The road from La Crosse is very beautiful scenically as you have the river on one side and on the other these huge bluffs overlook the road. Many of these bluffs you can take side roads up to climb to the top for views over the river. As we drove along we also stopped at each of the locks and dams where you could get out and look over the dam or lock. Sometimes we were lucky enough to see one of the river boats going through a lock with its huge load of up to fifteen barges being pushed along.
Passing on up northwards we drove through the communities of Onalaska, known to be the 'Sunfish ' capital of the world, Midway, Holmen and Trempealeau all of which were pretty enough but didn't grab our attention. We stopped in Alma which is the home of lock and dam#4 and not a lot else so we moved on upwards towards Pepin which had attracted our attention as being the home of the children's author Laura Ingles Wilder.
We drove through Pepin missing the little museum with Laura Ingles Wilder artefacts completely as the sign in our minds looked like a rooster! We also missed the road to her reconstructed family home so after a few miles we turned back and did see the small sign from the other direction. Her reconstructed log home is quite some miles out of Pepin along a country road but we did finally find it and that was it. There was simply a reconstructed log home with a few signs and nothing else so we drove back through Pepin and found the little museum which once again was very understated. The entire visit took us less than half an hour in the museum. I was really surprised that more wasn't made of this author as she is quite well known for her stories about growing up in the mid west in the late 19th century as she was born on a farm near Pepin in 1867.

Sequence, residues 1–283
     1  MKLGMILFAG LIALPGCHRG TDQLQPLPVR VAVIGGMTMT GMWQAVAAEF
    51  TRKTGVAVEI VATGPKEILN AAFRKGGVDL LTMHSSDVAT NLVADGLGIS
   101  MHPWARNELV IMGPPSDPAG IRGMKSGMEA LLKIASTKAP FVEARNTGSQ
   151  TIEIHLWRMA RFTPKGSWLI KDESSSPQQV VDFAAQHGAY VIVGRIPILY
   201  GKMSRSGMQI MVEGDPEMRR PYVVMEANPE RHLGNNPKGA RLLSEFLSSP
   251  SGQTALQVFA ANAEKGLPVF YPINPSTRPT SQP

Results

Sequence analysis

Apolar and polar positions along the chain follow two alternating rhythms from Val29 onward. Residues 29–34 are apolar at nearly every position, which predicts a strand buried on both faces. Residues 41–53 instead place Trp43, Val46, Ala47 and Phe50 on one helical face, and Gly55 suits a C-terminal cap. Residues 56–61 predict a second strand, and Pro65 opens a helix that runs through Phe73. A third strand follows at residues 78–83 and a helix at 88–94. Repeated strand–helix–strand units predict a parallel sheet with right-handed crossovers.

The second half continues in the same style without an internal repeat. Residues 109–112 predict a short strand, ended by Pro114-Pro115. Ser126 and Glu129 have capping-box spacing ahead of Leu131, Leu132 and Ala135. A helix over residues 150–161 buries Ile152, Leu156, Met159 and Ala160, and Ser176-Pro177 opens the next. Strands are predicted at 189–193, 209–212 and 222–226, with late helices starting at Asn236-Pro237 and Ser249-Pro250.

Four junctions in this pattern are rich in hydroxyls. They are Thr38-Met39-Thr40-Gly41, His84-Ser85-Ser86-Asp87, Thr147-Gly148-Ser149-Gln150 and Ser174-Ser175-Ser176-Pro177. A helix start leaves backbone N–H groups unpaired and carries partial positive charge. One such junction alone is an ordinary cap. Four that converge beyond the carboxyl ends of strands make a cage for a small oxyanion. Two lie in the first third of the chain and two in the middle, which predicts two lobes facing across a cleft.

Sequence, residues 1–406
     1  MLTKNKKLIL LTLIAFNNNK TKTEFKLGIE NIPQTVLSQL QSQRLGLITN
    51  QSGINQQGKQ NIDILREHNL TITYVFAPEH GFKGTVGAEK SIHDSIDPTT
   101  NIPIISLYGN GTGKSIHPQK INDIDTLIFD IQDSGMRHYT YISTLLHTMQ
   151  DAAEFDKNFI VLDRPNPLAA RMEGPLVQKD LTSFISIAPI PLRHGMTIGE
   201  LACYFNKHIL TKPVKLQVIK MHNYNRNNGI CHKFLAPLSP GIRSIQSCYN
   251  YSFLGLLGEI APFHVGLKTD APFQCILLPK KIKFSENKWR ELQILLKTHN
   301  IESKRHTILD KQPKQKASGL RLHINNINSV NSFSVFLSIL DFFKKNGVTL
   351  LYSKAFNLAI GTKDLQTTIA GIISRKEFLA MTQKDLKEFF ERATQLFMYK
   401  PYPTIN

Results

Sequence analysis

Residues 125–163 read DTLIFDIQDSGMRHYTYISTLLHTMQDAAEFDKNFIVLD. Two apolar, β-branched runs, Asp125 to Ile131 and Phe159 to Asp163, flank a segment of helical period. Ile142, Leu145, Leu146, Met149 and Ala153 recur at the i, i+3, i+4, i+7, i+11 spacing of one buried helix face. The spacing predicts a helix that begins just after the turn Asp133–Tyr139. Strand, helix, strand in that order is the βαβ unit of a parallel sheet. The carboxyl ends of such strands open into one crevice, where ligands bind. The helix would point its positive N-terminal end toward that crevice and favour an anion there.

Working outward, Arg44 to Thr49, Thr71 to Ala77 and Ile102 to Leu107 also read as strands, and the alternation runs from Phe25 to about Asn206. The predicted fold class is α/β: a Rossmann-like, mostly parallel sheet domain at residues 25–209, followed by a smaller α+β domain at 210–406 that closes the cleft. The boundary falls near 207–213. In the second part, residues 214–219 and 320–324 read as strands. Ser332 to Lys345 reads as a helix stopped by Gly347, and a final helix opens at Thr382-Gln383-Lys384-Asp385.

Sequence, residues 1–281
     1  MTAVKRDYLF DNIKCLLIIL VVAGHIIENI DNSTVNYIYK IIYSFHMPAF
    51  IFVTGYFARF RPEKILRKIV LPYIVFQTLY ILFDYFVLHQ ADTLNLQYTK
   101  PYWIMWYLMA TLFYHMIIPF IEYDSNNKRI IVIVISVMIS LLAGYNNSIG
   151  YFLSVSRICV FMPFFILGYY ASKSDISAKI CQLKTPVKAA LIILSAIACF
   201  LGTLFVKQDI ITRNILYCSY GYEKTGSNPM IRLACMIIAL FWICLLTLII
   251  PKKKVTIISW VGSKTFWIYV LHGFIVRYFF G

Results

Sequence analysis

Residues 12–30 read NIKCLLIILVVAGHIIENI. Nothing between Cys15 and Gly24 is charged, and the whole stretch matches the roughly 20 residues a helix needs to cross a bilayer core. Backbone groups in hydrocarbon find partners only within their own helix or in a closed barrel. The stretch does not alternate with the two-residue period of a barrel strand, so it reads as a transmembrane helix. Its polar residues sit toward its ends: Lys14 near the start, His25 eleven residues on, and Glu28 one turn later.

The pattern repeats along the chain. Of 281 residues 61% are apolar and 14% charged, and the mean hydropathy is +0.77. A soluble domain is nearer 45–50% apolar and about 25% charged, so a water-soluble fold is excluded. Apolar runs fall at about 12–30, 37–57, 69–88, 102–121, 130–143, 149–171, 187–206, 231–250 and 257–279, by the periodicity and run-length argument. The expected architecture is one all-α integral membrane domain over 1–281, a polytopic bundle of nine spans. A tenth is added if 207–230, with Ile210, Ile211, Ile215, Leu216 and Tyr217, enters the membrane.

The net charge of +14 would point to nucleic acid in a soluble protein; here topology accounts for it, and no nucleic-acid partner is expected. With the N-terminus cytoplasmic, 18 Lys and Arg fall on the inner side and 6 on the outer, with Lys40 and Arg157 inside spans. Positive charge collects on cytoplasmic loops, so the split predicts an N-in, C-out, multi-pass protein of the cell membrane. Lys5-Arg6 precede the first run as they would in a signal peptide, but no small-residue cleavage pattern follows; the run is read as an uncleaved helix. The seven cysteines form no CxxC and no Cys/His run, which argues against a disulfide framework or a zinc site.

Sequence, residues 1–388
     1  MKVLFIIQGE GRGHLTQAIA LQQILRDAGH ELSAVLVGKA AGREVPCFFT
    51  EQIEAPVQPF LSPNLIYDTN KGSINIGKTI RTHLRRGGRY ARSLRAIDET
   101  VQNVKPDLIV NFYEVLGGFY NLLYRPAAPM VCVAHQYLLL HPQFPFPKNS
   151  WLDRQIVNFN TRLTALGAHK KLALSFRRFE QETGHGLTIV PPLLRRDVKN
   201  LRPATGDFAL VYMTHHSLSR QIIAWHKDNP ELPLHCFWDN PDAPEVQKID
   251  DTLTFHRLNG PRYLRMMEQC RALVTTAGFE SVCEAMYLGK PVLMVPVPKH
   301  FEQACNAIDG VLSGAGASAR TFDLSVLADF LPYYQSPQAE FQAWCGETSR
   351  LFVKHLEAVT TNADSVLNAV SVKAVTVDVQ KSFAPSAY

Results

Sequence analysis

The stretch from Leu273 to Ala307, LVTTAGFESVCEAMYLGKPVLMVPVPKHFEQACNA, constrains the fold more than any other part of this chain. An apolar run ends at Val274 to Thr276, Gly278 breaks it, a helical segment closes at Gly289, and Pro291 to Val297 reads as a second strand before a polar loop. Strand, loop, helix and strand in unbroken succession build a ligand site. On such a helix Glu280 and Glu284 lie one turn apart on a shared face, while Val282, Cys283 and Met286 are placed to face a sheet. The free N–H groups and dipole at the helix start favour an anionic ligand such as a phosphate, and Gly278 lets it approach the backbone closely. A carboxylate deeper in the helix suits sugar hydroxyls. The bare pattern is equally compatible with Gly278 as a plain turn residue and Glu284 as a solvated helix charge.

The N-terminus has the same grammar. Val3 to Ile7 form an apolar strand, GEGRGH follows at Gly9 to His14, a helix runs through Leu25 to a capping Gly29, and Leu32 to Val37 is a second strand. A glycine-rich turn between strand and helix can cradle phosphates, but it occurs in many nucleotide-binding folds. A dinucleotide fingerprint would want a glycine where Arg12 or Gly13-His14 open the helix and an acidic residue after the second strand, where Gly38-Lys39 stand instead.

Strangely the next town we came to was called Stockholm and as the name suggests this was founded by Swedish immigrants. We liked this little town as it was full of little art galleries and cafes so we enjoyed a cup of tea in one of these and chatted to the owner or person serving us. people were all so friendly wherever we stopped along the route and wanted to suggest things for us to see that we might enjoy.
LakePepin formed as part of the Mississippi river that had almost got cut off as a lake was huge and ran
from Nelson just before Pepin right up to Maiden rock and Bay City. Maiden Rock has the huge population of 149 and is at the confluence of the Mississippi and Rush Rivers and rather sadly gets its name from the tale of an Indian princess who leapt from the 400-foot bluff rather than marry a man she didn't love.